The other challenge you have with people and gamification is that WE ARE MOTIVATED BY DIFFERENT THINGS!!!

“[…]certain motivational affordances (which otherwise received positive comments) were felt as negative (such as ones encouraging competition), lending credence to the idea that different player types experience the same affordances differently…”

Does Gamification Work? — A Literature… (PDF Download Available). Available from: [accessed Mar 30 2018].

In other words, what game element might motivate you, may not motivate me. You might be a competitive person that turns all rocks and pebbles up just to get on top of the leaderboard, while I’m more like a social gamer who loves helping out others. You earn something rare, and you’re proud of it. I earn something rare and give it someone else. You can’t even imagine how someone would do that…

Think about gamification as a system of balance. If you pack your gamification with competitive elements only, you score big with part of the audience, but others might be completely alienated. Give something for everyone. Andrzej Marczewski has some guidance on game design elements and player/user type experiences:

Badging is a game design element along with many others. The last couple of years badges have become popular. In fact, vendor often bundle them with the points, badges, and leaderboards approach (PBL). As everything in gamification, it can be useful or not so much.

A badge is nothing but a token of achievement. Think of it as a milestone: an observable, positive outcome of a work done well. Now, imagine if you got a badge every morning you show up for work. How much effort did you put into this achievement? If everyone gets this badge every morning they show up, how much is it worth? Nothing.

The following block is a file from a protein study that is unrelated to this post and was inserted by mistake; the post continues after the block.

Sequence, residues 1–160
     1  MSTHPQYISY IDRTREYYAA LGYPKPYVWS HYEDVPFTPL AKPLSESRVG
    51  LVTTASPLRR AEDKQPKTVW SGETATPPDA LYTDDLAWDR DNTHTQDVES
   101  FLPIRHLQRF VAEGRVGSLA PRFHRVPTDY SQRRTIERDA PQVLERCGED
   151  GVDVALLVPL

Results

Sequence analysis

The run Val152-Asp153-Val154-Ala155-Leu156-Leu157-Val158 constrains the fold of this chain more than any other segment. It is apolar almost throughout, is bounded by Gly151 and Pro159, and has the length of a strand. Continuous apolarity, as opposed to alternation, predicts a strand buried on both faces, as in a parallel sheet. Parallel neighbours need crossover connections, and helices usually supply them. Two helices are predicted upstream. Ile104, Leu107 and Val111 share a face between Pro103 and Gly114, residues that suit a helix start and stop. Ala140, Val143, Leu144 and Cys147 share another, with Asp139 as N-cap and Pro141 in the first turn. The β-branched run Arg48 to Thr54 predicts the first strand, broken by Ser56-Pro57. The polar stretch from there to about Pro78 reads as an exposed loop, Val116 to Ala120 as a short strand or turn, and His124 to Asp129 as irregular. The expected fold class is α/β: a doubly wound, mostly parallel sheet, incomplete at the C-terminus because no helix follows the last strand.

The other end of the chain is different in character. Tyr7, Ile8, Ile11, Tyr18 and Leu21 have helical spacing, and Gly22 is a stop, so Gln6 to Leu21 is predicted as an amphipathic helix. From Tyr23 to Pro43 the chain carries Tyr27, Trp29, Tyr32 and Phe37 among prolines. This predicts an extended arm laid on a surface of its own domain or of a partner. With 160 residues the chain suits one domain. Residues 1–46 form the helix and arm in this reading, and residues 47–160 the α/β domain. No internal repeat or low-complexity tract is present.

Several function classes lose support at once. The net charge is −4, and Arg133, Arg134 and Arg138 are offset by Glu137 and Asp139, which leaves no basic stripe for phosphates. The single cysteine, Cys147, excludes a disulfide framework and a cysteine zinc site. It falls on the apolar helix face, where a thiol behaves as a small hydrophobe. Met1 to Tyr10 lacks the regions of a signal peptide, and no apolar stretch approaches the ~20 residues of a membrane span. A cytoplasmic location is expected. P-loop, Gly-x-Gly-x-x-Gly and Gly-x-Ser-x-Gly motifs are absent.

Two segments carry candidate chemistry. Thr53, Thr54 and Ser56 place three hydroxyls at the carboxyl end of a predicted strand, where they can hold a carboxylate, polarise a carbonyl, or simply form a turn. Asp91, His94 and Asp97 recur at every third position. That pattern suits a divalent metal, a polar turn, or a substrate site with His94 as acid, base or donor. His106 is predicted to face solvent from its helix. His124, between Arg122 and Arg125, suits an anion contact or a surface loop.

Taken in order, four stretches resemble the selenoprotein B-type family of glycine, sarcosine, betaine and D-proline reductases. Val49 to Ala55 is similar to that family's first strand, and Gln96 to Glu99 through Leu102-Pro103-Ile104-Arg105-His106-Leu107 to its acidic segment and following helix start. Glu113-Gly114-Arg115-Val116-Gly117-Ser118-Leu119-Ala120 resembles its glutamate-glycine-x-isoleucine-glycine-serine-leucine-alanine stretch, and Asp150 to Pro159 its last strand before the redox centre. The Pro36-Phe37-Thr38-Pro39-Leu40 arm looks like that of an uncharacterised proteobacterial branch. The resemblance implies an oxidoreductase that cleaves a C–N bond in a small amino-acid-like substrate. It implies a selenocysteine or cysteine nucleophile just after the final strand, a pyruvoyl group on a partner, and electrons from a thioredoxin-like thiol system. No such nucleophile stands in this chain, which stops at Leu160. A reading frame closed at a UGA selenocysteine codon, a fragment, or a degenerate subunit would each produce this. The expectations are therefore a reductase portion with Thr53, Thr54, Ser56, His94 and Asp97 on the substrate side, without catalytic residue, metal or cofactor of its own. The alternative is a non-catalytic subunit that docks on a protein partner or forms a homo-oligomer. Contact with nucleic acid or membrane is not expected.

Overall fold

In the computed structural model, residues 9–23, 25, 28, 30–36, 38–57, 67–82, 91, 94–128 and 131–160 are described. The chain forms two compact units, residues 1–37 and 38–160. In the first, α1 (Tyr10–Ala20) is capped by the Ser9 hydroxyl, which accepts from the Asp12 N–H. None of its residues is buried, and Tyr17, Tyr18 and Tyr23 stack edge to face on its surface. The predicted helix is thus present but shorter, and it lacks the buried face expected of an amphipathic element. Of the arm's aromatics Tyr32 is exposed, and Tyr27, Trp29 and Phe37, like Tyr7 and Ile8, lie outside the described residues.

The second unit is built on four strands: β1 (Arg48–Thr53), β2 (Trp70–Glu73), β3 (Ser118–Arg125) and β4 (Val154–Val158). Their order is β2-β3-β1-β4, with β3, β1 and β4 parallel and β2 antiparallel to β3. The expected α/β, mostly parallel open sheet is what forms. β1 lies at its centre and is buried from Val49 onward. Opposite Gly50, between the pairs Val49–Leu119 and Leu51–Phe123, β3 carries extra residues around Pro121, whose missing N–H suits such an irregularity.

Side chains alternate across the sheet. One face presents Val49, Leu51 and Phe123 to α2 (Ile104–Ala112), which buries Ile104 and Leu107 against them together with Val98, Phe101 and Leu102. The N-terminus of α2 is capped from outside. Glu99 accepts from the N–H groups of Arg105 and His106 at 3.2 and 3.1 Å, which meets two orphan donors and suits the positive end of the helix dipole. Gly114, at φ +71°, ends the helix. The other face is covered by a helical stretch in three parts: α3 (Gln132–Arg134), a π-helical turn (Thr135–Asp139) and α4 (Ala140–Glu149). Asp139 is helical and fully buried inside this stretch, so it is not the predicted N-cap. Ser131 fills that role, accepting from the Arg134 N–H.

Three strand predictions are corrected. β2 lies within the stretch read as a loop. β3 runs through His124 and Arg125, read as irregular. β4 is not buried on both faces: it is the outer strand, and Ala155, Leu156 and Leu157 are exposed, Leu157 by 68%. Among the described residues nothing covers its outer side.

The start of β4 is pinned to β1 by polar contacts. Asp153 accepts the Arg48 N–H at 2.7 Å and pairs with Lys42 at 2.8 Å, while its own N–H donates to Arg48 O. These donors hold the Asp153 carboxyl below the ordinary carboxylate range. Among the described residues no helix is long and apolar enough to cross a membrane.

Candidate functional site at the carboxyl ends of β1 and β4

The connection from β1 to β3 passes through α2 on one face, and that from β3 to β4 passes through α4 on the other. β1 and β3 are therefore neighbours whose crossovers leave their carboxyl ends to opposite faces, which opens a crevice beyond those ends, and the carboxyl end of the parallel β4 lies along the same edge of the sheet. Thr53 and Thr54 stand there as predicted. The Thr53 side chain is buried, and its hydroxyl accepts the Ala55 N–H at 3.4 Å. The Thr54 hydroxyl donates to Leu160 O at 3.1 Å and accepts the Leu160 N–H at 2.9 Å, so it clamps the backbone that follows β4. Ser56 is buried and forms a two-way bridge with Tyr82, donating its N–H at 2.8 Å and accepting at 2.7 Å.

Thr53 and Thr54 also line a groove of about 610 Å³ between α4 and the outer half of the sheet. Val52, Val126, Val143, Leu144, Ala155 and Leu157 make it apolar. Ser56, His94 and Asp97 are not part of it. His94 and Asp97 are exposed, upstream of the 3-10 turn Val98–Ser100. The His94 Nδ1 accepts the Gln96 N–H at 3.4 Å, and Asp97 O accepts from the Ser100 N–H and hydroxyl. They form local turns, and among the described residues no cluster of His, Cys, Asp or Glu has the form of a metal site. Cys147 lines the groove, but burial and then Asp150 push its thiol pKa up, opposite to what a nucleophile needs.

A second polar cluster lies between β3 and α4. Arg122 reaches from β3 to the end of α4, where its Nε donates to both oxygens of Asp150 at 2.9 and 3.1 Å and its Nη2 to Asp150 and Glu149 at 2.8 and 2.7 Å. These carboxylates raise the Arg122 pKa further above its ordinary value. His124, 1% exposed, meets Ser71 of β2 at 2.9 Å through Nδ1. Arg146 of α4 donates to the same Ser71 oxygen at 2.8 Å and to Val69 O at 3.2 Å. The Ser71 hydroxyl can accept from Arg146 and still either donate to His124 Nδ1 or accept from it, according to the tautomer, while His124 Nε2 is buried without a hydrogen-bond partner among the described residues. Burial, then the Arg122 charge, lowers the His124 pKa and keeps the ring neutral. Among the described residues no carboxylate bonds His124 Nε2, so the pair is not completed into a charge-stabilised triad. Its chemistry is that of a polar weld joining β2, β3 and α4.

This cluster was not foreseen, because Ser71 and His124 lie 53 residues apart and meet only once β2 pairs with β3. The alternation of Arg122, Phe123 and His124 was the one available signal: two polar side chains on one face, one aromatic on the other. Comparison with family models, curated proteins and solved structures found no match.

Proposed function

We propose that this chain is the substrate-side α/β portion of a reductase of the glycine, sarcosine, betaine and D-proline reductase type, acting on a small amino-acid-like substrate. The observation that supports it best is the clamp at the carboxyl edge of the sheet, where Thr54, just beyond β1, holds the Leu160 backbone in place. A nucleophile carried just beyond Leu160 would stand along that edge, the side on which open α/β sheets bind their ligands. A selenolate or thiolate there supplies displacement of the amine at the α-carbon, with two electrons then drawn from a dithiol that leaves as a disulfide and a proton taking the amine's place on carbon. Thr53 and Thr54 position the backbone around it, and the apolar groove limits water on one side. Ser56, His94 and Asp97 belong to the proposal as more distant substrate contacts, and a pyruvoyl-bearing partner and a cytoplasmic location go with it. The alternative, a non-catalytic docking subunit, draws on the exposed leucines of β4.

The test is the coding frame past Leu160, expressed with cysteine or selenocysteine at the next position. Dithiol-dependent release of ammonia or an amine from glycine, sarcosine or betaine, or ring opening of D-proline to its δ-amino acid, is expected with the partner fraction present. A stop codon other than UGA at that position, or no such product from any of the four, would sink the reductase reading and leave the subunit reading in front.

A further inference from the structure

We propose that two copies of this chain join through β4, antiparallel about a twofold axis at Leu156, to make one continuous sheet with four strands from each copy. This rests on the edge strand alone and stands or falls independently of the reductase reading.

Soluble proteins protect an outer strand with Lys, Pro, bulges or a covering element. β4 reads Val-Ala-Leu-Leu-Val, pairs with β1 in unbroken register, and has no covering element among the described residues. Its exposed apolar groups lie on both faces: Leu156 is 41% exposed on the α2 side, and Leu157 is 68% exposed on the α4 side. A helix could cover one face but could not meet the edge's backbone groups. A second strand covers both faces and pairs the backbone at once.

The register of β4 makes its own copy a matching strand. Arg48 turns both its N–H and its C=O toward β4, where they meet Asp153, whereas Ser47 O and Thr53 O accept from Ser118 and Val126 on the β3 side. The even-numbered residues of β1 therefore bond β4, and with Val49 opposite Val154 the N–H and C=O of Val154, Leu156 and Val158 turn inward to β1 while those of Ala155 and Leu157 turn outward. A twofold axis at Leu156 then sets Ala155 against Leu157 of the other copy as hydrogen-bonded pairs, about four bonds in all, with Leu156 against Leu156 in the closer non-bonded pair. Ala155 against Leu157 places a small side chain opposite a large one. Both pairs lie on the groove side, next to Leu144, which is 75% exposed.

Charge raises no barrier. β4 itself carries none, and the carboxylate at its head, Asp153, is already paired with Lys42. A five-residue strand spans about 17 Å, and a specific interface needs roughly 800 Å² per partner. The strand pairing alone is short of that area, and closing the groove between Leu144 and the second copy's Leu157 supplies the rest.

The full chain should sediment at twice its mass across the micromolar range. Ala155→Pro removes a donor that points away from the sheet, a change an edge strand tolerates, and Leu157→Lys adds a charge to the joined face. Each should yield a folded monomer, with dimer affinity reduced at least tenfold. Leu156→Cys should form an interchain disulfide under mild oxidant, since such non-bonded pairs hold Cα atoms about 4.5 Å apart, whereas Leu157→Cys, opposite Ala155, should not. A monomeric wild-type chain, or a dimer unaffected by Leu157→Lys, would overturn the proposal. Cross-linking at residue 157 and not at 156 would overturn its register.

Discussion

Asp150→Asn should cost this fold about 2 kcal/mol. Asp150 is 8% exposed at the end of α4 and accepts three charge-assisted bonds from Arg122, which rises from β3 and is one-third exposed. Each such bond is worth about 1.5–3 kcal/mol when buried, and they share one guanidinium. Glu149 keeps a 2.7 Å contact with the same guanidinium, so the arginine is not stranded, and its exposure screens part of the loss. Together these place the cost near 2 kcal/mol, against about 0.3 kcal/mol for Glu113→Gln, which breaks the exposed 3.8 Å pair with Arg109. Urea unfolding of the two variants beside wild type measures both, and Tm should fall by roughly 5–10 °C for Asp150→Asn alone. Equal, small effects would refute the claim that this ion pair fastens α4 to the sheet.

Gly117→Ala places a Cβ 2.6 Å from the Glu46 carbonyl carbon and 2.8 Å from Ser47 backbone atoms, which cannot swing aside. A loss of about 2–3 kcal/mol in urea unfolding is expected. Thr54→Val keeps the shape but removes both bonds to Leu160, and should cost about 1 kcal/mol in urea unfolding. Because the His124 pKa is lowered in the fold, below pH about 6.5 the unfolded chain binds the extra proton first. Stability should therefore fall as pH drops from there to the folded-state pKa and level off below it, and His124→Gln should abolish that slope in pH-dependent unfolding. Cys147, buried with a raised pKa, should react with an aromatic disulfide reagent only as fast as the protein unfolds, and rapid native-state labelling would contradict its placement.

What if from now on, instead of promotions, you would get badges? Would you love to take them home and proudly share with your family? Sure…

The value of badges depends on how the society views the effort what they represent. If done well, and they deserve respect among peers, badges could be useful in motivation.

Real life application of badges? You may have heard of micro-credentials. The idea is taking on, mostly in the higher education and the tech world. The point of micro-credentials is that you take a course online on a specific skill, and receive a badge that you can display on your profile:

Companies who want to provide digital credentials to their employees that can be transferred with them are using applications like Credly.

I have two examples that is more of a blended learning within ILT. They both belong to the game-based assessment category.

The first one is a trivia challenge we created. Two groups took the trivia questions as an assessment. A leaderboard showed their scores. But that’s not where it ended. We then asked the two groups to create their own trivia questions and answers for the other group. Creating questions is a higher cognitive function that just picking the correct answer.

The questions were approved by the facilitator. The two groups then took each other’s trivia challenge. We announced the overall winner. And didn’t end there. What we did not tell the participants is that we recorded every question and answer in the backend, and we were able to produce a list of topics to review based on the incorrect answers.

The other example I wrote in detail about in an elearning industry article.